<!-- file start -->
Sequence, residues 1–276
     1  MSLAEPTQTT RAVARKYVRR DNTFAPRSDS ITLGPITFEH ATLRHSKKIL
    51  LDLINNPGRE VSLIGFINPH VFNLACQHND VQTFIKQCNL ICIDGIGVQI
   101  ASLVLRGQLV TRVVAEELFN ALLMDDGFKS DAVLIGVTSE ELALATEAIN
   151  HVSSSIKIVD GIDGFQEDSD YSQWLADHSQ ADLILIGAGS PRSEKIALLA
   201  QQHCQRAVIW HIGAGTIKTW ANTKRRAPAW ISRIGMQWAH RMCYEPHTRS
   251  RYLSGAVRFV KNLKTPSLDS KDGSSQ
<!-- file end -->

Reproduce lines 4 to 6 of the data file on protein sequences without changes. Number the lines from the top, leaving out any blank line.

   101  ASLVLRGQLV TRVVAEELFN ALLMDDGFKS DAVLIGVTSE ELALATEAIN
   151  HVSSSIKIVD GIDGFQEDSD YSQWLADHSQ ADLILIGAGS PRSEKIALLA
   201  QQHCQRAVIW HIGAGTIKTW ANTKRRAPAW ISRIGMQWAH RMCYEPHTRS